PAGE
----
Eye on the Economy: Housing Indicators Are Flashing Red
NAHB’s baseline (most probable) forecast now includes a mild economic recession in the early part of 2008. We’re currently pegging the peak of the cycle in December 2007 and the trough in August 2008.
We expect real gross domestic product (GDP) to contract modestly in the first half of this year and the labor market to deteriorate for a somewhat longer period ― a normal timing relationship.
A flurry of recent negative economic news prompted us to move a recession into our baseline forecast. This news included soaring energy prices, deterioration of our trade balance, plummeting consumer sentiment, ongoing erosion of the labor market and more negative readings on the housing market.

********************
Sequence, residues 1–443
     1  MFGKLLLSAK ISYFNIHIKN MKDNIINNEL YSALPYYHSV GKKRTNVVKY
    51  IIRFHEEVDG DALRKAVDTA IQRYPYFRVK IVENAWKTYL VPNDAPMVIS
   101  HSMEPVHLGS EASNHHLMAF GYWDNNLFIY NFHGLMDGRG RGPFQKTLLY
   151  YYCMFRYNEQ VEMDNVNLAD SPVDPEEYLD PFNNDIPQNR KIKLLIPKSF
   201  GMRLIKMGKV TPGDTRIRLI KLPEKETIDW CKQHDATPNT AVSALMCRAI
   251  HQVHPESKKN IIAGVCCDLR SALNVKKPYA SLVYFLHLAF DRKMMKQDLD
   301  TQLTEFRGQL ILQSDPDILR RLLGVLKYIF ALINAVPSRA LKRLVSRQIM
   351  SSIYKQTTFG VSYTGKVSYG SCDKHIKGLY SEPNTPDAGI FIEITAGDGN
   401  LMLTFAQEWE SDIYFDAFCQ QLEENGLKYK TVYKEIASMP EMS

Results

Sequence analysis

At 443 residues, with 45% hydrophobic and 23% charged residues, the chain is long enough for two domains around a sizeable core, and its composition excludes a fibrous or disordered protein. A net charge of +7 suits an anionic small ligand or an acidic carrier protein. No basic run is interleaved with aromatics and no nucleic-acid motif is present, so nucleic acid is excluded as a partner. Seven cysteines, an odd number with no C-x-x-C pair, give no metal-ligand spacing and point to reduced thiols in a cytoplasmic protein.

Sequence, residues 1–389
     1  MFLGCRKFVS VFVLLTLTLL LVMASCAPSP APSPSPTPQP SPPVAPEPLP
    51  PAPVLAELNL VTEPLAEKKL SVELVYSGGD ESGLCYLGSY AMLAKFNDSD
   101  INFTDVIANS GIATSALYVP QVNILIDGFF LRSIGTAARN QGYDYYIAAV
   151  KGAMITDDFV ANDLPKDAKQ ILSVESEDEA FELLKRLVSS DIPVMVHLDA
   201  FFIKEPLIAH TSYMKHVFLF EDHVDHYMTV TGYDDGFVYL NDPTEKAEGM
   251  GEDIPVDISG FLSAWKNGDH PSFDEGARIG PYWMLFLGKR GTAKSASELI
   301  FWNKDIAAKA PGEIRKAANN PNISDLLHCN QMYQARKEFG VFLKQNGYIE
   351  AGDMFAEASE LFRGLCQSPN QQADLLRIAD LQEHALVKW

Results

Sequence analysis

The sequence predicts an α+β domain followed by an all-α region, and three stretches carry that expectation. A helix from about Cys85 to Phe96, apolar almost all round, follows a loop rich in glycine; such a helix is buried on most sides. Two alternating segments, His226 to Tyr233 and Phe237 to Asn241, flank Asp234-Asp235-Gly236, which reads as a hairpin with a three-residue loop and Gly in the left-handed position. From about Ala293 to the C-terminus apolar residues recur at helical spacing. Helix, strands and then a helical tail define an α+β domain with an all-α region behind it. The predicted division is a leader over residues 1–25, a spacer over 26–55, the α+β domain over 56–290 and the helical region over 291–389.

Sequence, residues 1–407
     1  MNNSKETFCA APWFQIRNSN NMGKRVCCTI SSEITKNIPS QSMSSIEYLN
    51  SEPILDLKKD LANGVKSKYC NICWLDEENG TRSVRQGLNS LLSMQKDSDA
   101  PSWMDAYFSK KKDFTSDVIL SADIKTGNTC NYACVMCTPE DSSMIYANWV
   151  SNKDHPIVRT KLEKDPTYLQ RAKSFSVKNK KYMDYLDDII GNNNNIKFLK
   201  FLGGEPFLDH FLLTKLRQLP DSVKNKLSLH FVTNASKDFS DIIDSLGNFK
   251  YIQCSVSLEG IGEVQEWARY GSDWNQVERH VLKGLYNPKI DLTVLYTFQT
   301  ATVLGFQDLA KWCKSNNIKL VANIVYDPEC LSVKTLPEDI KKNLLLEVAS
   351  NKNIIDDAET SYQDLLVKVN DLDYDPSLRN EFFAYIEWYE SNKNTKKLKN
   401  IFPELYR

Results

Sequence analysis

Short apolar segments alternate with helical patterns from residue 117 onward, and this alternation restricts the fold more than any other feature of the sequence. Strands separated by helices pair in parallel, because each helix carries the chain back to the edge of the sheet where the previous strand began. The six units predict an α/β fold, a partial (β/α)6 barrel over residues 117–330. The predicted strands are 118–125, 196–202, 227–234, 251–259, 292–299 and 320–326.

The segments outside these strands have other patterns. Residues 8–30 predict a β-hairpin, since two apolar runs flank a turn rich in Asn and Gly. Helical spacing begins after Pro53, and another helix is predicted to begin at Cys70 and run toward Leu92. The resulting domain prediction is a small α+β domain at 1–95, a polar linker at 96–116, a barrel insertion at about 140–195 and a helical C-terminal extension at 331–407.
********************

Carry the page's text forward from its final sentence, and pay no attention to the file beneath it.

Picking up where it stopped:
Downward revisions to the Federal Reserve’s economic forecasts from both the Federal Open Market Committee (FOMC) and Fed staff also encouraged us to make the recession call.
The Labor Market Is Steadily Deteriorating
Labor market conditions have been deteriorating for some time.
Employment growth started to slow early last year and the unemployment rate has been trending upward since that time.
Total payroll employment — from the establishment survey — started to fall this January, and the economy lost 232,000 jobs in the first quarter of the year.
Private sector employment actually started down in December and the cumulative contraction was 300,000 through March of this year. The unemployment rate — from the household survey — was 5.1% in March, up from the cyclical low of 4.4% a year earlier.
There’s little doubt that labor markets are deteriorating further in the second quarter. Weekly data on claims for unemployment insurance are trending upward, and surveys of consumers are showing deepening concerns about current employment conditions as well as job prospects down the road.